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WHHS staff shares thoughts about synagogue shooting
December 11, 2018
On Oct. 27, 2018, Robert Bowers opened fire at the Tree of Life Synagogue in Pittsburgh, killing 11 people and wounding four officers. As Bowers was leaving, he encountered the police, exchanged gunfire and barricaded himself inside a third floor room. He then surrendered with multiple gunshot wounds.
According to CNN, Bowers told police during the shootout, “I just want to kill Jews.”
According to Vox. there were 1,986 anti-Semitic incidents in 2017. This is a large part of the nearly five percent spike in hate crimes in 2017. Also a staggering 19,000 Anti-Semitic tweets have been written on Twitter, according to CNN in 2017.
Adviser of the L’chaim Club (formerly the Jewish Culture Club) Susan Donnett shared her thoughts on the anti-Semitism that is still happening in the United States.
“[This is not] the first time in the history of the Jewish people. This is a common occurrence that doesn’t make it any easier. It doesn’t make it any more correct,” Donnett said.
She also explained her perspective on the response to the shooting, saying, “The message that came out in the synagogue shooting in Pittsburgh was that love conquers hate, hate eats you up alive and love keeps you alive.”
And it was not just the Jewish community that came together. “The Muslim community and the Christian community all show that we share an understanding of God that is one of love and compassion,” Donnett said.
When asked if there have been anti-Semitic activities at WHHS, Donnett said, “We have had anti-Semitic activities here at Walnut Hills High School over the course of my years here. To the credit of the school and to the credit of the administration, they have always been addressed properly.”
In considering this, Donnett said, “And that’s part of what you have to do, you have to face hate down and face discrimination down and show them that you will not be bullied because people often who do these horrible things feel that they have no power. They want to feel that they have power and this is how they show.”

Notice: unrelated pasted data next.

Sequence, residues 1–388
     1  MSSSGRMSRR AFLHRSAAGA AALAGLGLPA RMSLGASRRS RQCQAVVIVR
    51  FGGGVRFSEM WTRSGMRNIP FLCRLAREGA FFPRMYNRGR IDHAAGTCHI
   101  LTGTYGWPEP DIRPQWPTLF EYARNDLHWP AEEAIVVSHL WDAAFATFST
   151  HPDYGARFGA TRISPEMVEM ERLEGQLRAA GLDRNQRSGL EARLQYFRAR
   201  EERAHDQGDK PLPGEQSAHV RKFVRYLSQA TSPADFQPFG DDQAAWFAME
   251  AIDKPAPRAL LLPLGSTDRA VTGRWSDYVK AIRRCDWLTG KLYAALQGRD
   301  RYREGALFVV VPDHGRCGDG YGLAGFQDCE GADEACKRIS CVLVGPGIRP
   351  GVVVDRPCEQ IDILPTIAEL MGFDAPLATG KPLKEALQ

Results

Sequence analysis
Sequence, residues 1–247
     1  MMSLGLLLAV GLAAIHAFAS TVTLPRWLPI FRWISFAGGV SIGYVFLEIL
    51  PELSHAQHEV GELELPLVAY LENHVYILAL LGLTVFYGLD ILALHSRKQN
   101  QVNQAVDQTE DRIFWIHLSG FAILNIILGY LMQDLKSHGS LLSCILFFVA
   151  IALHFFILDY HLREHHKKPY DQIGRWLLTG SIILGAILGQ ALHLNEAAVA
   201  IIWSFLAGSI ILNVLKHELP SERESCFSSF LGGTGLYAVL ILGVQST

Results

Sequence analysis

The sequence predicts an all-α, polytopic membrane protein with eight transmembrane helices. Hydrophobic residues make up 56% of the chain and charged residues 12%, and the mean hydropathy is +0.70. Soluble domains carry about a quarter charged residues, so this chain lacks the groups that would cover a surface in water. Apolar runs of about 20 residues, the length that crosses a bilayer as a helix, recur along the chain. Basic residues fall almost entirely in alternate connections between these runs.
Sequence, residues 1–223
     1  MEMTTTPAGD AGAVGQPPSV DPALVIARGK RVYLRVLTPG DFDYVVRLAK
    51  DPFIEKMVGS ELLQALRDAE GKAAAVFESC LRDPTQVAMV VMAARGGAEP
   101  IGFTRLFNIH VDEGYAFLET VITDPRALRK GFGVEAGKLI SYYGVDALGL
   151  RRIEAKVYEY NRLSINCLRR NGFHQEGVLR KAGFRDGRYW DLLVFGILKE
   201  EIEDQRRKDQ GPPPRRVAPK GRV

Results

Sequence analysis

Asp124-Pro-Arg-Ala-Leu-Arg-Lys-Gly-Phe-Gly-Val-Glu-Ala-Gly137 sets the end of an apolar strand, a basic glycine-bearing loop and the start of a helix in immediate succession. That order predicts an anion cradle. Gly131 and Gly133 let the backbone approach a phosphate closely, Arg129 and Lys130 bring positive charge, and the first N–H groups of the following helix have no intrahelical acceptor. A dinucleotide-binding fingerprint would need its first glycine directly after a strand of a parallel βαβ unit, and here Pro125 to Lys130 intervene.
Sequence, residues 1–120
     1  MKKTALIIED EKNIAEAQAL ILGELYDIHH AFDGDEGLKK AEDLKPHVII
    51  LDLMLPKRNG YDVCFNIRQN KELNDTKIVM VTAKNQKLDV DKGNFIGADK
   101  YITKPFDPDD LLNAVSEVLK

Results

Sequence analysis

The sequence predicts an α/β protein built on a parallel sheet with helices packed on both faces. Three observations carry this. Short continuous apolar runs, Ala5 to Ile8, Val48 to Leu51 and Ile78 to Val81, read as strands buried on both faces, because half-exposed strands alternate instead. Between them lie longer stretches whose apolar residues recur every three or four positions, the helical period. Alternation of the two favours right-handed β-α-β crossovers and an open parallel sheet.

When asked about how the shooting affects the Jewish community at WHHS, counselor Renita Brooks said, “I think they [students] might be concerned for their safety because of this example of injustice against Jewish people. And in another part of the country, especially one that’s so close to our city, probably makes them feel uncomfortable. And it makes them feel like it can happen here at home,” Brooks said.
She also added, “Just like we always heard about mass shootings everywhere else, and you didn’t think it would happen here. And then we have what happened at the Fifth Third Bank. So I’m sure it makes them uncomfortable.”
In spite of this, Donnett and her club have been very welcoming to outsiders. For people interested in Jewish culture, she said, “We would strongly encourage any student [who] wants to come to our meetings and join our cooking and our dancing and the different activities that we do. It is not a religious leader based club meeting, but it is based upon the ethics of our faith.”